Read the second of the three series of articles on Cyber risks.
The toll of almost three years of unrelenting workplace disruption, digital transformation and ransomware attacks means most leaders are no more confident in their ability to manage cyber risk than they were two years ago.
A new 26-page report The State of Cyber Resilience published jointly by Marsh and Microsoft Corporation analyses how cyber risk is viewed by various functions and executives in leading organisations, including cyber security and IT, risk management and insurance, finance and executive leadership. Over 660 cyber risk decision makers globally participated in the study. The report has revealed that leadership confidence in their organisation’s core cyber risk management capabilities – including the ability to understand/assess cyber threats, mitigate/prevent cyber attacks, and manage/respond to cyber attacks – is largely unchanged since 2019, when 19.7% of respondents stated they were highly confident, compared to 19% in 2022.
Marsh head of cyber Sarah Stephens said, “Given the continued rise of ransomware and the current tumultuous threat landscape, it is not surprising that many organisations do not feel any more confident in their ability to respond to cyber risks now than they were in 2019.”
Many organisations are still struggling to understand the risks posed by their vendors and digital supply chains as part of their cyber security strategies. Only 43% of respondents stated that they have conducted a risk assessment of their vendors or supply chains.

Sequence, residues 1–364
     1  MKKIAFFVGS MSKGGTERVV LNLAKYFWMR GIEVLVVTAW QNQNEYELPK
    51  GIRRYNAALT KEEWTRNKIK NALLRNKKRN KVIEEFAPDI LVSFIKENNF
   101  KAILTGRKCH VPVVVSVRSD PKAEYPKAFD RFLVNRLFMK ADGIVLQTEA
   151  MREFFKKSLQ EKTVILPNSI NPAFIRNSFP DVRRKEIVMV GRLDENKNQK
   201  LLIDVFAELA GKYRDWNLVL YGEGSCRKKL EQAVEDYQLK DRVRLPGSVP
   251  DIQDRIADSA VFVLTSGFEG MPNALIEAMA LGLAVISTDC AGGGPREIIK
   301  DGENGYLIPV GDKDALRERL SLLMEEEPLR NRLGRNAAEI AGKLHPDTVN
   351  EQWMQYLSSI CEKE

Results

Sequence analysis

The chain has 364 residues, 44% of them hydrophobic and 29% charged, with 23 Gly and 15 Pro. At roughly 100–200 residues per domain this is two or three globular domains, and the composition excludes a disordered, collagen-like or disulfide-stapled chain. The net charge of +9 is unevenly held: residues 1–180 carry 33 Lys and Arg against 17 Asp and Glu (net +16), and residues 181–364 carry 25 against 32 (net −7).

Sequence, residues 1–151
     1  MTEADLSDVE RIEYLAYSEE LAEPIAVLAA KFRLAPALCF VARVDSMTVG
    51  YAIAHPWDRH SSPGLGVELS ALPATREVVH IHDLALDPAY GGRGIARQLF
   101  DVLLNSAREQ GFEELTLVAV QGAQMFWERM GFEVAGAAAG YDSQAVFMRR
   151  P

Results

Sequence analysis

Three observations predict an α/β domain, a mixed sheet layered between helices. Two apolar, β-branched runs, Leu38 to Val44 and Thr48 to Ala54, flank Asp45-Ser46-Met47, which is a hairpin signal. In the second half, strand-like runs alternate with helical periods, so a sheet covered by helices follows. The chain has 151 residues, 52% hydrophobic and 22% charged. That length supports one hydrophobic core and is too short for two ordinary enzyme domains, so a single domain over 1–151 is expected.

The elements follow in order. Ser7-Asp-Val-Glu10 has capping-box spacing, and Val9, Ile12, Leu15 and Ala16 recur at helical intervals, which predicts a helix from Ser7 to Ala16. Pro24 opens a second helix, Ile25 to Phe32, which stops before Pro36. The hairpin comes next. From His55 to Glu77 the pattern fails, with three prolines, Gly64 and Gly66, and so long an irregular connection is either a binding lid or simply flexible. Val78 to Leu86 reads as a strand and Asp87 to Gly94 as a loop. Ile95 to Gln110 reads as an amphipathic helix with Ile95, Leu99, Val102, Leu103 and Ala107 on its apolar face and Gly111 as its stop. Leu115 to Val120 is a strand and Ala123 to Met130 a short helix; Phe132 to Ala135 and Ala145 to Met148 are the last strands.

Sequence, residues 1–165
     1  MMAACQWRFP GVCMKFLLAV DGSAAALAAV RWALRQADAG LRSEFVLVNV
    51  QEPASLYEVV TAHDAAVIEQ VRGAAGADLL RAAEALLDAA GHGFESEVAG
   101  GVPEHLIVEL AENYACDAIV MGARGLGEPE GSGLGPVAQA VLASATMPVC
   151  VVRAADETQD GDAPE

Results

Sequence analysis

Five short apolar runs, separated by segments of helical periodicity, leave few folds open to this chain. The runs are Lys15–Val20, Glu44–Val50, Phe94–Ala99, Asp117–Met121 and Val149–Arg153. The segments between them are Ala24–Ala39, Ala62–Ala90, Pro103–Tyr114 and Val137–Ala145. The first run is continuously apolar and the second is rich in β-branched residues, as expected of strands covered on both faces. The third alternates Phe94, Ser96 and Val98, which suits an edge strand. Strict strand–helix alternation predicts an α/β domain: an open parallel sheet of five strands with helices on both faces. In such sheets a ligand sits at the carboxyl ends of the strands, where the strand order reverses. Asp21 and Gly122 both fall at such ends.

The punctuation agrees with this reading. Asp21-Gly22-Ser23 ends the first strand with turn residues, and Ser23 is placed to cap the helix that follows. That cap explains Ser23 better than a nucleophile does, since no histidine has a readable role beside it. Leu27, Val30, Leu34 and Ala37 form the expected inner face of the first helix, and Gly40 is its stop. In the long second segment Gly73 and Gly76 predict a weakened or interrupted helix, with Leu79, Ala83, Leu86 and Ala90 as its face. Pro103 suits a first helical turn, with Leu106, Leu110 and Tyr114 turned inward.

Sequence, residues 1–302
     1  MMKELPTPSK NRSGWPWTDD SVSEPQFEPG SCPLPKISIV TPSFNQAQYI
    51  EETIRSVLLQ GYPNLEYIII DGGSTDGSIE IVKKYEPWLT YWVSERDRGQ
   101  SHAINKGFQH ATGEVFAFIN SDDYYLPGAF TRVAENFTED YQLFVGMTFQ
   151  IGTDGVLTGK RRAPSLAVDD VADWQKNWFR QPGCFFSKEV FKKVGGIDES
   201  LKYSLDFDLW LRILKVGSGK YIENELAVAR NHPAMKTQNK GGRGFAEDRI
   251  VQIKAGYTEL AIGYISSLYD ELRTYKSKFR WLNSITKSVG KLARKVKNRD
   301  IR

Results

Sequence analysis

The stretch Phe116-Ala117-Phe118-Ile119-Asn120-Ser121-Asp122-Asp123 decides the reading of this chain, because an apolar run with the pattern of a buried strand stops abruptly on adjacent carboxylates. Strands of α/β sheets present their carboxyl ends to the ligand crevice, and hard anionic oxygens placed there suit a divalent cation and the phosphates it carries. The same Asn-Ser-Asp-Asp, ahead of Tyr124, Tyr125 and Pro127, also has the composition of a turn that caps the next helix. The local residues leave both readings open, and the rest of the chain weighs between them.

Other findings of the report include:
Only 41% of organisations look beyond cyber security and insurance to engage their legal, corporate planning, finance, operations or supply chain management functions in making cyber risk plans.
Nearly four in 10 respondents (38%) said their organisation uses quantitative methods to measure their cyber risk exposure, which is a critical step in understanding how cyber attacks and other events can create volatility. This is an improvement from the 2019 survey, when three in ten respondents (30%) stated that their organisation uses quantitative methods.
Marsh US and Canada cyber risk practice leader Tom Reagan said, “Cyber risks are pervasive across most organisations. Greater cross-enterprise communication can help organisations bridge the gaps that currently exist, boost confidence and better inform overall strategic decision making around cyber threats.”